Minting New Money for Communities
Updated: Mar 25
It was the fall of 1998 and Deborah Momsen-Hudson had a problem. As vice president of investor relations at Self-Help Credit Union, she was responsible for ensuring a reliable supply of capital for Self-Help’s community development lending programs across the state of North Carolina. Despite her record-breaking success in bringing in new accounts, the distressed communities they served needed far more capital, and Deborah didn’t know where to find it.
Self-Help is one of over 1,000 Community Development Financial Institutions (CDFIs) in operation in the U.S. CDFIs are banks, credit unions, and loan funds that lend into distressed communities, providing loans for economic development in areas such as small business, childcare services, and affordable housing. CDFIs receive capital from a variety of sources, including individual investors and customers, institutional investors, and the federal CDFI Fund operated by the U.S. Treasury Department.
Deborah knew she wasn’t alone. As one of the leaders in her industry, Deborah talked regularly to other CDFI leaders around the country, and they were reporting serious gaps in their ability to fill lending requests.
No simple fix
Deborah brought her challenge to the U.S. Social Investment Forum, a trade association of investment firms and professionals interested in socially responsible investing practices, (where I served as managing director at the time). CDFIs accounted for about 25 percent of our membership at the time, and our board was very interested in how we could serve these members’ needs. We decided to take on the challenge of finding the capital.
We soon discovered, however, that there was no simple fix for the problem. Alisa Gravitz, the vice chair of the SIF board at the time, recalls, “We didn’t know yet how much capital was needed, but we knew it was a lot and we frankly had no idea where to find it…We talked to the folks at [the U.S.] Treasury, but were told that new appropriations to the CDFI Fund were unlikely, and certainly wouldn’t be at the scale we wanted. And the big foundations weren’t ready to commit that much of their portfolios to CDFIs at the time.”
We realized we needed help, so we engaged a team of leaders from across the banking and investing industries who would take on the challenge together and create new ways to approach it. The team was incredibly diverse, with over 30 leaders from banks, credit unions, loan funds, mutual fund companies, foundations, and included financial advisers, individual investors, and money managers. Even at the time (well before we had a clear concept of collective impact), our experience told us that more perspectives and backgrounds would improve the likelihood of finding a workable solution.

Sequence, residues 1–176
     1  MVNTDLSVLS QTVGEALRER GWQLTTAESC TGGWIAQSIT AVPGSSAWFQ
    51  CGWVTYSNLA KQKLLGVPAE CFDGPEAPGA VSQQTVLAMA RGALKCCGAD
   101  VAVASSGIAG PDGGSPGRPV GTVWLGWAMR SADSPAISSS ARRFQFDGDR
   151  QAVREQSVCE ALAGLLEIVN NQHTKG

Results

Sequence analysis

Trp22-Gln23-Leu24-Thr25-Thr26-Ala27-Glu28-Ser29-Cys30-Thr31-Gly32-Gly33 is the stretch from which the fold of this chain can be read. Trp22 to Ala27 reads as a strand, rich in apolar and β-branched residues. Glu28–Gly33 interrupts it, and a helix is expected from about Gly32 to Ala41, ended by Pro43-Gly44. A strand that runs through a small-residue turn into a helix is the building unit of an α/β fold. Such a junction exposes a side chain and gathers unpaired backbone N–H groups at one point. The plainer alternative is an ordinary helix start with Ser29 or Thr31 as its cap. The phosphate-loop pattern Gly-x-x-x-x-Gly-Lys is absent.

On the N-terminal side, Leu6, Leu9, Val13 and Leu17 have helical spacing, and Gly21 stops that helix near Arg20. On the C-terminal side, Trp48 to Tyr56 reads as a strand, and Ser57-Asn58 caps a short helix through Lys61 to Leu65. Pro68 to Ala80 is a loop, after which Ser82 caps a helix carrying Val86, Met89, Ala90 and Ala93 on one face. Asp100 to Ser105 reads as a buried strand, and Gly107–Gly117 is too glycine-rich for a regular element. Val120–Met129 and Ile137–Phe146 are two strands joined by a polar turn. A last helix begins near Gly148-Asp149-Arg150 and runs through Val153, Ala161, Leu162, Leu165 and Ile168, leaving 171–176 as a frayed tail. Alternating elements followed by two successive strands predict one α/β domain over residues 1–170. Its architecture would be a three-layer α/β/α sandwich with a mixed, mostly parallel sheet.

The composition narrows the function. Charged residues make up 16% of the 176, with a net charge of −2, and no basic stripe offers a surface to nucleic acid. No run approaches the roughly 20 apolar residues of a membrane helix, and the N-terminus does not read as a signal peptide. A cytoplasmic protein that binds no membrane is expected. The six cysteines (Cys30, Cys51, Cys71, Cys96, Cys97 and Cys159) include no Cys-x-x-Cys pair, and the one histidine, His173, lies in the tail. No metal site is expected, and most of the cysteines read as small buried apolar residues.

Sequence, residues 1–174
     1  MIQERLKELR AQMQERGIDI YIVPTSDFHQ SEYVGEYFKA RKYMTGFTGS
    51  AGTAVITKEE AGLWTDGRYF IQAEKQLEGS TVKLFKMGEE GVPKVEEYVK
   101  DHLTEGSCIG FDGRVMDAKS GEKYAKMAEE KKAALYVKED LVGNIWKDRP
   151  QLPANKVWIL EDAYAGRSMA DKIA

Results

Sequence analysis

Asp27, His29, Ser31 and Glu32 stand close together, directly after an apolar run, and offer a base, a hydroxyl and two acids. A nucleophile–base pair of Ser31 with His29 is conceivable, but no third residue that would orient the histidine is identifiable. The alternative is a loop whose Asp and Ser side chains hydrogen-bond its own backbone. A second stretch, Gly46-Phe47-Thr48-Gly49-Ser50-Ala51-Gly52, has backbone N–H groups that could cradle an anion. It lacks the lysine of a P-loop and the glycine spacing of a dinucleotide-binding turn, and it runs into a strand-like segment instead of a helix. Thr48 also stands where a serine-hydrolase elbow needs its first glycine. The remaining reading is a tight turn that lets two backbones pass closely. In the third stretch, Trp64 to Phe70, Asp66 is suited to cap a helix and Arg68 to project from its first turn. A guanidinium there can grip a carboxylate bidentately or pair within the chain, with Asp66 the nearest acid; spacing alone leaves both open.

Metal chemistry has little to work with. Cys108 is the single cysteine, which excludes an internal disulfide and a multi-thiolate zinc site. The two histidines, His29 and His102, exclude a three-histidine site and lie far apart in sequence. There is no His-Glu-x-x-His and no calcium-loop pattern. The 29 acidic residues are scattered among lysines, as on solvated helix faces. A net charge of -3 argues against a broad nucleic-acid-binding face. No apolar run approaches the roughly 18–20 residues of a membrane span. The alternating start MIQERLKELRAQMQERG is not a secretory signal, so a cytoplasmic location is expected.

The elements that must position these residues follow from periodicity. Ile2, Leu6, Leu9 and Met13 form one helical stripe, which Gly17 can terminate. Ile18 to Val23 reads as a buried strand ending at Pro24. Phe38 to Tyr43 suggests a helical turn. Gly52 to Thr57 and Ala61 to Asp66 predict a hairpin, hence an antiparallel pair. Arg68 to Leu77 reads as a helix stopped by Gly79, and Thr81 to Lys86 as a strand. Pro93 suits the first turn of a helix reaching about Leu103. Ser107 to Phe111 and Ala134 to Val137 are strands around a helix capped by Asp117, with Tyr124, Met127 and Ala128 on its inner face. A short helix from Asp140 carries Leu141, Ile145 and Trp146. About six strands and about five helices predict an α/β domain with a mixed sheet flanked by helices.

That group needed a goal and needed to understand potential fixes to fill the gap, so they quickly organized into sub-teams – a research group to determine the amount needed and a solutions group to find new sources of money. The research group quickly tallied up a need for over $1 billion in net new capital. After some time, the solutions group brought back a provocative possibility: Get mutual funds to invest in the CDFIs.
At the time, U.S. mutual funds held over $7.2 trillion in their portfolios, and many types of funds held a portion of those portfolios in cash. If we could find some way to convince even a few large funds to move a portion of those cash positions into CDFIs, we would solve the problem. Not just that, we might be able to solve the CDFI funding challenge for good.
We had to test the hypothesis, of course, so we formed a team to interview mutual fund managers and learn what factors might prevent or incentivize them to put their cash into CDFIs. That effort turned up two interesting factors:
First, money managers normally traded securities through computer terminals, where the transactions behind the scenes were largely automated. To invest in CDFIs, they would have to manually open cash accounts and manually move the cash. According to the fund managers, that additional work was a showstopper.
Second, money managers had no idea how the new type of investment vehicle would affect either the performance or risk of their funds, and they had to know this before they would consider investing.
Ideas that work
What happened in the next 18 months is a testament to the speed, ingenuity, passion, and progress that a collective impact approach can produce. Trading experts in the group quickly got over 50 of the CDFI’s products listed on the country’s largest trading platform (which made them as easily tradable as any other security); a small team of portfolio managers ran several simulations that clearly demonstrated that these products had essentially the same performance and risk characteristics as other cash products in use by the funds; and a marketing group designed, tested, and launched 1% for Community, a media and marketing program that promoted funds that made a commitment to “building America’s communities” by pledging at least one percent of their portfolios to that work.
Most importantly, the group dramatically exceeded the $1 billion goal and within three years had moved over $3.2 billion into CDFIs. In contrast, the U.S. government’s CDFI Fund has distributed only $1.7 billion in nearly 20 years of operation.
Why did the effort work? We brought together a group of caring leaders with diverse experience and perspectives, they set a goal that was both audacious and specific, they moved fast in both their analysis and solution design, and they worked to deeply understand the experience of those whose behavior most needed to change.
(Originally published in the inaugural issue of Engage! magazine from the Tamarack Institute.)